J. Scott Savage - Most people know that Lewis Carroll wrote two Alice in Wonderland books, but because a lot of the movies and TV shows combine characters from both worlds, we only get a small taste of The Looking Glass World with things like the Tweedle Twins, the Red and White chess pieces, and the Jabberwock. I really wanted to explore that world more while also getting a chance to learn more about Celia, Tyrus, and of course, Hatter.

Life Is What It's Called - What can readers expect from you next?

J. Scott Savage - I’m keeping my fingers crossed for more Wonderland Diaries books, but in the meantime, I have a new series about a fifth-grade treasure hunter told in a middle grade noir voice. Graysen Foxx and the Treasure of Principal Redbeard comes out spring of 2023. I also have a new project with one of my favorite illustrators that I hope to be able to announce soon.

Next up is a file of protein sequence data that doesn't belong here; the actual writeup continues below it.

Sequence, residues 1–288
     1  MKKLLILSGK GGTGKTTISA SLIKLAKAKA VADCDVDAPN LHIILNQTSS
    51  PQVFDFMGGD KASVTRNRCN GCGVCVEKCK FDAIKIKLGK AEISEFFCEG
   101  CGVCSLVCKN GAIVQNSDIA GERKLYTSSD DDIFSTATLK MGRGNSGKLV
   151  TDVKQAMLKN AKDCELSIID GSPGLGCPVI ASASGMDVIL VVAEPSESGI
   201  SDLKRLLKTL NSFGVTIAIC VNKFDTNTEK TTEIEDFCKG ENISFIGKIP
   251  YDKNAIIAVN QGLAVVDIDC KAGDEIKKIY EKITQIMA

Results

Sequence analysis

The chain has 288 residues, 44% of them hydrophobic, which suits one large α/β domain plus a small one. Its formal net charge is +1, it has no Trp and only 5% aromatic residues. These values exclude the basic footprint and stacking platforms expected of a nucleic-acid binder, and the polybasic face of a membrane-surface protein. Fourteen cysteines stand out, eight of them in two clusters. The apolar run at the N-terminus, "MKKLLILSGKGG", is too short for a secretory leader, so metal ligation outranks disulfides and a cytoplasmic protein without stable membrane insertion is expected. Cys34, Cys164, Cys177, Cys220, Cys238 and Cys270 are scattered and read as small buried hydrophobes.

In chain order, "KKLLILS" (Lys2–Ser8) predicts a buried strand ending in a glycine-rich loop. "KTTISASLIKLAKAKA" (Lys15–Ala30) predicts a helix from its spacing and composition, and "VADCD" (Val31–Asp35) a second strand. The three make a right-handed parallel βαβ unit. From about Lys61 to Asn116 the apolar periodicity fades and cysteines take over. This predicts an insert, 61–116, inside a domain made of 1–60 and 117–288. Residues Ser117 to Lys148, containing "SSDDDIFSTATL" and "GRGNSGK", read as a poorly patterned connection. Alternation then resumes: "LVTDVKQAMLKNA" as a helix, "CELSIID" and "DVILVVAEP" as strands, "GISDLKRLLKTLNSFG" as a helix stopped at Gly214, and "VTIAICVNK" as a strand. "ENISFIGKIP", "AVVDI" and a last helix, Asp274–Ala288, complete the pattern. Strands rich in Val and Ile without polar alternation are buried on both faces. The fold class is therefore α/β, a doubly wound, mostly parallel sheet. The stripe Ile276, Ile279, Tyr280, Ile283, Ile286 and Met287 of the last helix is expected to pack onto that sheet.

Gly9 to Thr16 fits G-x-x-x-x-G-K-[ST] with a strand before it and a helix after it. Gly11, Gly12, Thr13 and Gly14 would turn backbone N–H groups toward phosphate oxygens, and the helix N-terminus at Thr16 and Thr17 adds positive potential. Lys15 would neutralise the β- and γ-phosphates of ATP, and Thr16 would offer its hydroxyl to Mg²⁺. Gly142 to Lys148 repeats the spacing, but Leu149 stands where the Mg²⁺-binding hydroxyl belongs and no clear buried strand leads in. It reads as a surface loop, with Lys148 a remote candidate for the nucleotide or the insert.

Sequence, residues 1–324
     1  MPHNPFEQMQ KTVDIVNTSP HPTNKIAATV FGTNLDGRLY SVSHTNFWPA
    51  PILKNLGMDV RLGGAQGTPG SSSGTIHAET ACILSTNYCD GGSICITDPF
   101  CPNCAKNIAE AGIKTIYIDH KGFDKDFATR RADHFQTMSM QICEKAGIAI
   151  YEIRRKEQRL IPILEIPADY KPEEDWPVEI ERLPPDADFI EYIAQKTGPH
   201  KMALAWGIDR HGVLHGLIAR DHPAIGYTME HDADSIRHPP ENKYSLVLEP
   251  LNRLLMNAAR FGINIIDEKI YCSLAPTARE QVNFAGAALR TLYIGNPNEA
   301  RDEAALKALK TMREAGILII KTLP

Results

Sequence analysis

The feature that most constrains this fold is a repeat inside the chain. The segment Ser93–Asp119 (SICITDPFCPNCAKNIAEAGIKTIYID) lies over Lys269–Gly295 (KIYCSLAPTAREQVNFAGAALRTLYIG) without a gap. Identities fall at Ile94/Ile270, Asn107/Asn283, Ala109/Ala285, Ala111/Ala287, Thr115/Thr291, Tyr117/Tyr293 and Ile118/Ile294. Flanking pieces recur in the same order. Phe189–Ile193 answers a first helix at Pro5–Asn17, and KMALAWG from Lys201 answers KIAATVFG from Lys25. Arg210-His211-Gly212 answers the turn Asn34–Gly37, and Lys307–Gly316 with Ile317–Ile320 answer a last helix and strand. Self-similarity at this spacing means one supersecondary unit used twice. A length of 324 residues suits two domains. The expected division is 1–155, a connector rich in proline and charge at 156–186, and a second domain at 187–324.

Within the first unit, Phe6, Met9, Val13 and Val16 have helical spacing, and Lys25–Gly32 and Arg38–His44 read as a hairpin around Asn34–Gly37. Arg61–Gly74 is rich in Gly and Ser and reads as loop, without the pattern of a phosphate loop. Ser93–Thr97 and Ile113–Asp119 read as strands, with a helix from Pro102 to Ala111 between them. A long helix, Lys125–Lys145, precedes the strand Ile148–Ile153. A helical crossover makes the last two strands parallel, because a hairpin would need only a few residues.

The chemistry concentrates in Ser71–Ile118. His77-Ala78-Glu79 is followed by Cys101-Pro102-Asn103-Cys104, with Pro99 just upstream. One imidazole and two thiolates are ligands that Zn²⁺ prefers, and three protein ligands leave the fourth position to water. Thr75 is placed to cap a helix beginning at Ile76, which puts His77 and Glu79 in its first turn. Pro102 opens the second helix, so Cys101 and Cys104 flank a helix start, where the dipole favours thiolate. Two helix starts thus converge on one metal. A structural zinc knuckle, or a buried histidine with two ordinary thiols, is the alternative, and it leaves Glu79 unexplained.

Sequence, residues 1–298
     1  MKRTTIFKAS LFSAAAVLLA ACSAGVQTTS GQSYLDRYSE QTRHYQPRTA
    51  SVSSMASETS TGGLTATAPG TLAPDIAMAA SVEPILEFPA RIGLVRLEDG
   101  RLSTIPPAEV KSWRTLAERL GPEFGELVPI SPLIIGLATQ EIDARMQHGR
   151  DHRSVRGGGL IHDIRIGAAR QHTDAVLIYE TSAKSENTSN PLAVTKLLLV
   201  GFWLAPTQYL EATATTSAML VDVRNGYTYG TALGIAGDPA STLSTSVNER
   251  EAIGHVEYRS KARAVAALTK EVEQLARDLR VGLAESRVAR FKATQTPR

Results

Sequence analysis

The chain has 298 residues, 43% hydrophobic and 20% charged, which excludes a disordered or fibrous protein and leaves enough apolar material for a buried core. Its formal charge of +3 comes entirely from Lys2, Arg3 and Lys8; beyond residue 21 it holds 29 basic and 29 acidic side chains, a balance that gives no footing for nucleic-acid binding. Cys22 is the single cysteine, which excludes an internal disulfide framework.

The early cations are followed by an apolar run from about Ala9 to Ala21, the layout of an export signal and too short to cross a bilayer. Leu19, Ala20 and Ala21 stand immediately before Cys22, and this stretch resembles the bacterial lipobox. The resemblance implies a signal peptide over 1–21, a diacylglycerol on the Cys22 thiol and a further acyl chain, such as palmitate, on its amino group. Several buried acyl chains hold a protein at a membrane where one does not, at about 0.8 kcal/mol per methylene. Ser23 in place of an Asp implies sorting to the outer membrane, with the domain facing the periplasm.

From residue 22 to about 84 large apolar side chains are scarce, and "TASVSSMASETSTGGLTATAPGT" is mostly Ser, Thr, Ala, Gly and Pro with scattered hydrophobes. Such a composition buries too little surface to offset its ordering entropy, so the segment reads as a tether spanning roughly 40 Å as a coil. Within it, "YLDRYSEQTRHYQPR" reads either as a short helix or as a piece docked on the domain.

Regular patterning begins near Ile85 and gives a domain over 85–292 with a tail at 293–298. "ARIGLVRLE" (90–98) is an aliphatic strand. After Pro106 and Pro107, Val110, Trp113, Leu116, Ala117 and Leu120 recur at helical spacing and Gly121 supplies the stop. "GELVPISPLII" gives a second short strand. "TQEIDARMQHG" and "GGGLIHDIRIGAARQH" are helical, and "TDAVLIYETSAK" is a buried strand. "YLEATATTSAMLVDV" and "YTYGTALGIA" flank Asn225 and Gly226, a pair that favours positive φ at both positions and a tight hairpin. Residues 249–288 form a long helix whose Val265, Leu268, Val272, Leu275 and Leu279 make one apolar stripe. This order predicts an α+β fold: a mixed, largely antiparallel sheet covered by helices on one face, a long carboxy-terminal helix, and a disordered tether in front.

Life Is What It's Called - How does this series differ from your other series and how is it similar? 

J. Scott Savage - It’s really important to me that all of my series have a unique voice and flow. The Wonderland Diaries books have more of whimsy and silliness than, say, my Mysteries of Cove books. But I also want all of my books to have a good combination of meat—character growth, plot elements that make you think, puzzles and mysteries to figure out—and dessert—jokes, surprises, and fun silliness.

As far as differences between book one and book two, book one had to visit a lot of familiar characters and places. In a way we were sort of revisiting a lot of things from the original Alice in Wonderland book. In this book, I had more room to explore and world-build on my own, while still retaining Carroll’s original framework. I loved unraveling the mythology of the battle, the Jabberwock, the Bandersnatch, and why mirrors are so powerful.